DirecTV Bills Elderly Couple $198 For Porn They Didn’t Rent 5 Years Ago

porndirectvCable customers frequently complain that they are being charged for porn they didn’t order — and cable companies often shrug and insist that someone must have ordered the erotic flicks. But a couple of married septuagenarians in California say DirecTV recently tried to charge them for 18 porn titles rented in a single day — in 2008.

For more than five years, the porn was never billed to the couple. That is, until they ended their 19-year relationship with DirecTV earlier this year and turned in their leased equipment.

That’s when someone at DirecTV checked out their access card and determined that the former subscribers had enjoyed a massive one-day porn-fest, renting 18 movies in a single day in January 2008.

The couple tells CBS Sacramento’s Kurtis Ming that the do remember upgrading their receivers that year and that they successfully challenged two bogus porn charges back then, but nothing since. As for the 18-film pornstravaganza, the couple say they were watching a Giants-Packers NFL playoff game that day, so X-rated titillation was not in the cards.

Ming’s investigation turned up several online complaints from other customers with similar claims of being charged for porn that had been ordered at some mysterious point in the past.

I spoke with Consumerist reader David, who tried to challenge erroneous porn charges only to have DirecTV tell him that someone must have been staying at his house and ordered the films while he was away. David confirms that the porn only showed up on his bill after he was given a new receiver with a new access card.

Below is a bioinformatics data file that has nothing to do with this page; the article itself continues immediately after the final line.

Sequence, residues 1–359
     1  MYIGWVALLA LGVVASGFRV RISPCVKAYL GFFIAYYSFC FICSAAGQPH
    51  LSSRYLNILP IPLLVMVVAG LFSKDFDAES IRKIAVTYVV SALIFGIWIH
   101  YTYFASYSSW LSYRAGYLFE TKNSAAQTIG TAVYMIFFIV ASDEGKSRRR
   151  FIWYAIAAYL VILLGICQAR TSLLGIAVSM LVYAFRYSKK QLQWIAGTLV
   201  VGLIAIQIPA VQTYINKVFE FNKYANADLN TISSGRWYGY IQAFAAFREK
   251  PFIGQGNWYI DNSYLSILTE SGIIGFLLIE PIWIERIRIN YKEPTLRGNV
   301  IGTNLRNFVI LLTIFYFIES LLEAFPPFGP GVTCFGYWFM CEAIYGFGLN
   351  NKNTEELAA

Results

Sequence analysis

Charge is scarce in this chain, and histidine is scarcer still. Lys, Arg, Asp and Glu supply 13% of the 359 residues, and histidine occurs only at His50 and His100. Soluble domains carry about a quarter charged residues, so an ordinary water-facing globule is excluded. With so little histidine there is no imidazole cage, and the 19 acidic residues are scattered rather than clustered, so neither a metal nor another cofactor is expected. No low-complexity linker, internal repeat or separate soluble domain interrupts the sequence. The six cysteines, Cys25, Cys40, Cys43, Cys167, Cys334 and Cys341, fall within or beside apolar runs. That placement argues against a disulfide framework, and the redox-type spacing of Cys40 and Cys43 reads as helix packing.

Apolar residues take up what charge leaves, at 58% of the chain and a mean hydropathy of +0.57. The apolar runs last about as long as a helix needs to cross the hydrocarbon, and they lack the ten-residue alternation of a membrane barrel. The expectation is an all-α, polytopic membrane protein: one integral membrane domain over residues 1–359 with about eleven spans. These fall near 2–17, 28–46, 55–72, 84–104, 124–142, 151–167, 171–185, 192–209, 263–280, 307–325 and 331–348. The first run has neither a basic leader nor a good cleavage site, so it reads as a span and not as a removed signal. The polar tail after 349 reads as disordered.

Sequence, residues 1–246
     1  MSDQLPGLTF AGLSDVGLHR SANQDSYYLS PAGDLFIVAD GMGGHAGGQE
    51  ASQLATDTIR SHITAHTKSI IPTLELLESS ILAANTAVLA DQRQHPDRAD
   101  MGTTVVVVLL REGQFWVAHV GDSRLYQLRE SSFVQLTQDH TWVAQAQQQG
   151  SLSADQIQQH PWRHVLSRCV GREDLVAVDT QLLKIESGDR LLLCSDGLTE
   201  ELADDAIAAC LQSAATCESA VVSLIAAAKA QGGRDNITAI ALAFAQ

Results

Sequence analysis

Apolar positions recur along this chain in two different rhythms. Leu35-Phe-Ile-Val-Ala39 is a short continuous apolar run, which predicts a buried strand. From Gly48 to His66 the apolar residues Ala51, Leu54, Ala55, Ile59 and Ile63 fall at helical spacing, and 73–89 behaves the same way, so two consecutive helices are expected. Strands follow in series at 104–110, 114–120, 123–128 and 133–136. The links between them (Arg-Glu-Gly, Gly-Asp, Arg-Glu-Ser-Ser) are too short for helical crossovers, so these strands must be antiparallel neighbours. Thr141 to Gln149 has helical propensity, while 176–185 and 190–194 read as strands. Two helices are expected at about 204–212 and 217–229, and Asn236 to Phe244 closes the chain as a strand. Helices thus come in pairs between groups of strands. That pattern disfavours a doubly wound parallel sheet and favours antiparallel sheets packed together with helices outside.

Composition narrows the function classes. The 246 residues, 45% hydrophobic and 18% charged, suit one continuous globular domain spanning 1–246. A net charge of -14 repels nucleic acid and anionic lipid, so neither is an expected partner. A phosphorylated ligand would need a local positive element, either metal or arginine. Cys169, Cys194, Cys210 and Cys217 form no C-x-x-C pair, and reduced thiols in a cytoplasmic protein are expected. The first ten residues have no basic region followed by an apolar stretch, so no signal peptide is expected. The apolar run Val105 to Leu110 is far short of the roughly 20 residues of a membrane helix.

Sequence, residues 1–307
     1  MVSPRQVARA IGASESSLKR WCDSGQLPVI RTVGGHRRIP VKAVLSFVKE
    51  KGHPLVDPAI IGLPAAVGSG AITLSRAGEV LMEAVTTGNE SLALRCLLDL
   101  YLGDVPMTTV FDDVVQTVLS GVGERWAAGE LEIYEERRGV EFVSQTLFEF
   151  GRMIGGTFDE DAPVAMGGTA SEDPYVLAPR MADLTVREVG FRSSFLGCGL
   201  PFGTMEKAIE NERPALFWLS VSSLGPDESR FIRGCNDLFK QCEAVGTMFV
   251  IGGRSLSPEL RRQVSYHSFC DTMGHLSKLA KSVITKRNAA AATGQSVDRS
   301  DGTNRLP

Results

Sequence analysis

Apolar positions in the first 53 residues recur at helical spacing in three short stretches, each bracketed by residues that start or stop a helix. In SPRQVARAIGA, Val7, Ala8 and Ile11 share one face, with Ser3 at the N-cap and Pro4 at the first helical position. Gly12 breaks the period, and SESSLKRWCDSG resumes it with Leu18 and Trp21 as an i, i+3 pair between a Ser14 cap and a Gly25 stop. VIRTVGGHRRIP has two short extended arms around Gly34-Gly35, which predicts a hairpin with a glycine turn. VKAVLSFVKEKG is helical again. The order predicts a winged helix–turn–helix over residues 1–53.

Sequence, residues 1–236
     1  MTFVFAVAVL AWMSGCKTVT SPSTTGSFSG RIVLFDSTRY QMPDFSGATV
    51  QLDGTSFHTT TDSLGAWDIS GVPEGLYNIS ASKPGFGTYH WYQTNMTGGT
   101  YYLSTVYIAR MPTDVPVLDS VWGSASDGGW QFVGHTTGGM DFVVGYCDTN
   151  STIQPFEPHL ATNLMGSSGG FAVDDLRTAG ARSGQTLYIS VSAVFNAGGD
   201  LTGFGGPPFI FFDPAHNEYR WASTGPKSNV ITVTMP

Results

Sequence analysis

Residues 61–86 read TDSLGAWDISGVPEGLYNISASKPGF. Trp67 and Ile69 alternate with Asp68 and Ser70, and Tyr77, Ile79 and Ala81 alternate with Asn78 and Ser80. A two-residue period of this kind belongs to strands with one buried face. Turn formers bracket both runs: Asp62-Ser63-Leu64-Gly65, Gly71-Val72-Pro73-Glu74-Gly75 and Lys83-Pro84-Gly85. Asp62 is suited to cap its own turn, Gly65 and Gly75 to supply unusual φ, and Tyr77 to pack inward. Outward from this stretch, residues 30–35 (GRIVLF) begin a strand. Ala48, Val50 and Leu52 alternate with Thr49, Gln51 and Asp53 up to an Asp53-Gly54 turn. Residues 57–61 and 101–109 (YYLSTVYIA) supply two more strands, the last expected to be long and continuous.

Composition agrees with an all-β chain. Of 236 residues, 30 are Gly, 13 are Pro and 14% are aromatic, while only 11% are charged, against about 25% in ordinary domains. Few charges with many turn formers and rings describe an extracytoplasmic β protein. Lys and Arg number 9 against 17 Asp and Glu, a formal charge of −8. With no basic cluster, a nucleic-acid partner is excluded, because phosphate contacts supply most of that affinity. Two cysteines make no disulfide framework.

Looking at the complaints and the anecdotal data, these access cards seem to be the most likely culprit. DirecTV claims that while it does reuse cards, it also wipes them clean between customers. Sure, just like every other piece of refurbished electronics that is supposedly clean but comes loaded with X-rated content.

And of course, like every other cable company, DirecTV often refuses to believe customers who dispute porn charges, even when the amount of porn being watched is outrageous and done in such a short period of time as to indicate malfeasance. The companies’ stance is always that the customer is now ashamed of their purchase (or that a parent or spouse discovered the purchase) and is now trying to talk their way out of it.

“They’re basically being called liars, frauds and cheats,” one lawyer tells Ming about DirecTV’s stance on these bogus charges.

After Ming contacted DirecTV, the company changed its tune, saying the charges were the result of “an extremely rare technical glitch that caused this anomaly and we apologize for the inconvenience this has caused them.”

And so the couple were no longer on the hook for $198 in porn they never even got the chance to watch.